Some argue that its better to have a purpose-built OS for a handheld device, because they don't crash as often. But that's not really a good argument either. If my purpose would be to edit Word documents on the go then NO operating system is better purpose built than OS X or Windows. And in regards to crashes I feel that OS X crashes a lot less than my Clie...

Another argument is that PDA functionality will end up in the mobile phone anyway. Well, if it is just PIM apps, perhaps. But not even there I'm sure. In times of group calendars I can vouch for the fact that not even today's Palm OS is able to sync with my office group calendar giving me all the dates of all my colleagues - something I do need to know. It's not good enough for me to just sync my own dates, I need to be able to see all dates from at least 10+ people. So I'd rather use a pocketable PC with the real deal PIM groupware application we use on OS X or Windows where I can do that, than a Palm OS device that only gives me a subset of the data that's useless to me.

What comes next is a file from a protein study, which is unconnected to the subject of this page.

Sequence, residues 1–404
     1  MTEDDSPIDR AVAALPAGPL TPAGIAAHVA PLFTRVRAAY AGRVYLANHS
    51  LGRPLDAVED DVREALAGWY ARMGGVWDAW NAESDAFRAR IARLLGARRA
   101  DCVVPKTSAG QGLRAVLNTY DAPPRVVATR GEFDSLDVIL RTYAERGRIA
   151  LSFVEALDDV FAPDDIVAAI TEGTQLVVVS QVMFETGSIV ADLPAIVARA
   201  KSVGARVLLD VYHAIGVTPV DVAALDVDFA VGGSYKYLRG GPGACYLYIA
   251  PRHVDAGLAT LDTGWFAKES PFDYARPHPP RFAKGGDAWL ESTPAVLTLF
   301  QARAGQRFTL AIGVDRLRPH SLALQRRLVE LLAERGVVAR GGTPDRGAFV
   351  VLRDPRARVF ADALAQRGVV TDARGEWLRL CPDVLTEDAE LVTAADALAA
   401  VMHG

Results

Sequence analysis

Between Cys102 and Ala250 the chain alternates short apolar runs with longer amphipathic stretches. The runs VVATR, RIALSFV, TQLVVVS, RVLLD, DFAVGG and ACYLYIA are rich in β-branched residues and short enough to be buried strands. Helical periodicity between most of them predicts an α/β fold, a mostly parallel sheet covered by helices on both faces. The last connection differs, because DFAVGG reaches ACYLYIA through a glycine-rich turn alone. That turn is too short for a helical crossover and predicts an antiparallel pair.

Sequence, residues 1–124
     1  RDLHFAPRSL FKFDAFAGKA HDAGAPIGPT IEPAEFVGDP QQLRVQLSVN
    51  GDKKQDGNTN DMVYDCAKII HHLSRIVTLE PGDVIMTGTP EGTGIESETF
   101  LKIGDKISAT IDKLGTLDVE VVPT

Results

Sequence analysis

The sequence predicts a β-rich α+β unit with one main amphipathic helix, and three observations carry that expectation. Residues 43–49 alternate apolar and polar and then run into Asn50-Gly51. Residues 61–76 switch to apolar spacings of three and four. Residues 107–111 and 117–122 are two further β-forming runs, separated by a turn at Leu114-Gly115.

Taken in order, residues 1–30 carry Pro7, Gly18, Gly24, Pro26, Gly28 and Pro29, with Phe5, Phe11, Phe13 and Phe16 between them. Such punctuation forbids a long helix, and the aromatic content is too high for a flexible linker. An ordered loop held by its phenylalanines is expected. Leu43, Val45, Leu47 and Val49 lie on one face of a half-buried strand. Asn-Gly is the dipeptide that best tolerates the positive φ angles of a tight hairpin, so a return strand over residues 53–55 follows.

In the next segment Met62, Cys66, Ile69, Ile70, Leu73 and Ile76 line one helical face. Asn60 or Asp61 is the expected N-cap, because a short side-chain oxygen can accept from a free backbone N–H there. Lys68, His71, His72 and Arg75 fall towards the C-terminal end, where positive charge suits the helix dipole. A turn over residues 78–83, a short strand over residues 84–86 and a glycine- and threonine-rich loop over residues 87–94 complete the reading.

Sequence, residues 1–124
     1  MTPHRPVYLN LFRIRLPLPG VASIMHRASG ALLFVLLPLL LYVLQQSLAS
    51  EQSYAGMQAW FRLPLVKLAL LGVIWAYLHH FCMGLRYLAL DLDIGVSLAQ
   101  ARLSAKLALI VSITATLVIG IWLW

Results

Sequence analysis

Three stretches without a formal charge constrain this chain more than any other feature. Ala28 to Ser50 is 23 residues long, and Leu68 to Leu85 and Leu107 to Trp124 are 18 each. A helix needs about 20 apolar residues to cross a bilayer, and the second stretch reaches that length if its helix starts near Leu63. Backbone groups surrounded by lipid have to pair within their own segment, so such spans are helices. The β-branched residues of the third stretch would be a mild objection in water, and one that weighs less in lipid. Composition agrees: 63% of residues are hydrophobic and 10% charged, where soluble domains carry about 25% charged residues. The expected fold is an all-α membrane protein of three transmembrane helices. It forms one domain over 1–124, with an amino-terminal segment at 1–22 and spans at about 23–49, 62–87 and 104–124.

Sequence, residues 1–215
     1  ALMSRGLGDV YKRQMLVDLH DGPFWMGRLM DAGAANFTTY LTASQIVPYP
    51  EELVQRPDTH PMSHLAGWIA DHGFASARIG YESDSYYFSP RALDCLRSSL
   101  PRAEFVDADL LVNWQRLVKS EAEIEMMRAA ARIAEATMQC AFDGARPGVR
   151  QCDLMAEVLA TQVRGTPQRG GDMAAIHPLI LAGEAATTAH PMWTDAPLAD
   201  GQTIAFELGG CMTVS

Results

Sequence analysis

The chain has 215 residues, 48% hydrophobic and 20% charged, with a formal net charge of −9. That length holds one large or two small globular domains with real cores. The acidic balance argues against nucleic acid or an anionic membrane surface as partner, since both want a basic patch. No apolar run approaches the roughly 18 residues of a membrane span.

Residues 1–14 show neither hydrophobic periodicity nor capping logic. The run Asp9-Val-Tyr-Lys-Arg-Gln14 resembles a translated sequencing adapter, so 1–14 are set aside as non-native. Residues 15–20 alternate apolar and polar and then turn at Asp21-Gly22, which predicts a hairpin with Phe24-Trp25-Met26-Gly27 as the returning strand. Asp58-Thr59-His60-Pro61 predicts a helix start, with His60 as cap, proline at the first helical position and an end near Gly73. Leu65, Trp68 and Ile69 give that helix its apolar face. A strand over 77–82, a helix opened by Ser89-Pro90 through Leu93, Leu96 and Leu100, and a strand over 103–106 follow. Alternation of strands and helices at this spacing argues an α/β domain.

And finally I believe that rather instead of having mobile phones becoming smarter and smarter to take over PDAs (as everyone today thinks the trend is), I feel that the opposite will happen: in 5 years from now PCs (or hopefully Macs) will be 'pocketable' and come with a built-in 3G or GPRS datacard (as well as WiFi and Bluetooth) to provide Voice over IP phone services. If the device is as small as a Tungsten T3 this could be used as a phone handset, or if the device is slightly bigger then a Bluetooth headset can be used with the device remains in a pocket or bag. And the device will switch seemlessly between WiFi hot-spot access or the 3G datacard.

I guess what I'm trying to say is that also the days for the 'smart phone' are numbered! These will be superseded by these pocketable PCs.

— Andy Bauer

Reader Comments (3)

I agree 100 %.Cheers
February 28, 2004 | Unregistered Commenterchinchorrero
I agree 100 %.Cheers
February 28, 2004 | Unregistered Commenterchinchorrero
Dude, Andy is a genius. Give him a raise.

February 28, 2004 | Unregistered Commentermacfixer